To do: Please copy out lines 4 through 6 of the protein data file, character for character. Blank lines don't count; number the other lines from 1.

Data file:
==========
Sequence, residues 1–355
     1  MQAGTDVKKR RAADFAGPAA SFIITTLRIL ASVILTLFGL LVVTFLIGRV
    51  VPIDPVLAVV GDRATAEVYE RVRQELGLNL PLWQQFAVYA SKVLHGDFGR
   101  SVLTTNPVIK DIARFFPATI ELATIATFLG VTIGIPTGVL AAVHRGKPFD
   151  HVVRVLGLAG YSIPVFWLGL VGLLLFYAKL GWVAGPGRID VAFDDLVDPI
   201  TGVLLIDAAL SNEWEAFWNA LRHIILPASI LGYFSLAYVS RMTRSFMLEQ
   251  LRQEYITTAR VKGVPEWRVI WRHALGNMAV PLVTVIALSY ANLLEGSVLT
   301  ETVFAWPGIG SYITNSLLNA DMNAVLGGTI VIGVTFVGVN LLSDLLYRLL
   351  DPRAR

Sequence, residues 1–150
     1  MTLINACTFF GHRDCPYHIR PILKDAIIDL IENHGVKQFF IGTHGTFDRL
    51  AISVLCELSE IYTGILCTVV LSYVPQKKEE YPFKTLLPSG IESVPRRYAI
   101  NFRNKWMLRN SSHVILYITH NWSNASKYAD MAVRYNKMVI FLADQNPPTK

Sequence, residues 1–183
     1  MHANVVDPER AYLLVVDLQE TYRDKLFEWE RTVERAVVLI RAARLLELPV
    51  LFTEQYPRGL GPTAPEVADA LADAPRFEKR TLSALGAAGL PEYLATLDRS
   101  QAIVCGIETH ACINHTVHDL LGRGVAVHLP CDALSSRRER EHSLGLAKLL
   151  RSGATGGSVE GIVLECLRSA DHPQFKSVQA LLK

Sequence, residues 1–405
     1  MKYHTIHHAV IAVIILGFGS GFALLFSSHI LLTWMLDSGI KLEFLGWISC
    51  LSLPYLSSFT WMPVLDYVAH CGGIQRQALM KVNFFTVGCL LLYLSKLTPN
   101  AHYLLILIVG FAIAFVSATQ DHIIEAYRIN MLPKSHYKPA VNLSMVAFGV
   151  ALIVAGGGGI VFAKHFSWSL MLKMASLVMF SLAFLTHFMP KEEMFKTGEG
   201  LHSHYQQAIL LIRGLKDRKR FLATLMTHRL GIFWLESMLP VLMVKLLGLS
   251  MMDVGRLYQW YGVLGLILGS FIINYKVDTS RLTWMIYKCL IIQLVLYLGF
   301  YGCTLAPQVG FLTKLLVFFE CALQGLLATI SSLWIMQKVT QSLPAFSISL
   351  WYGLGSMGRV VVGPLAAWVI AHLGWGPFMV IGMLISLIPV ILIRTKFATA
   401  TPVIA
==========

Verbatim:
   101  SVLTTNPVIK DIARFFPATI ELATIATFLG VTIGIPTGVL AAVHRGKPFD
   151  HVVRVLGLAG YSIPVFWLGL VGLLLFYAKL GWVAGPGRID VAFDDLVDPI
   201  TGVLLIDAAL SNEWEAFWNA LRHIILPASI LGYFSLAYVS RMTRSFMLEQ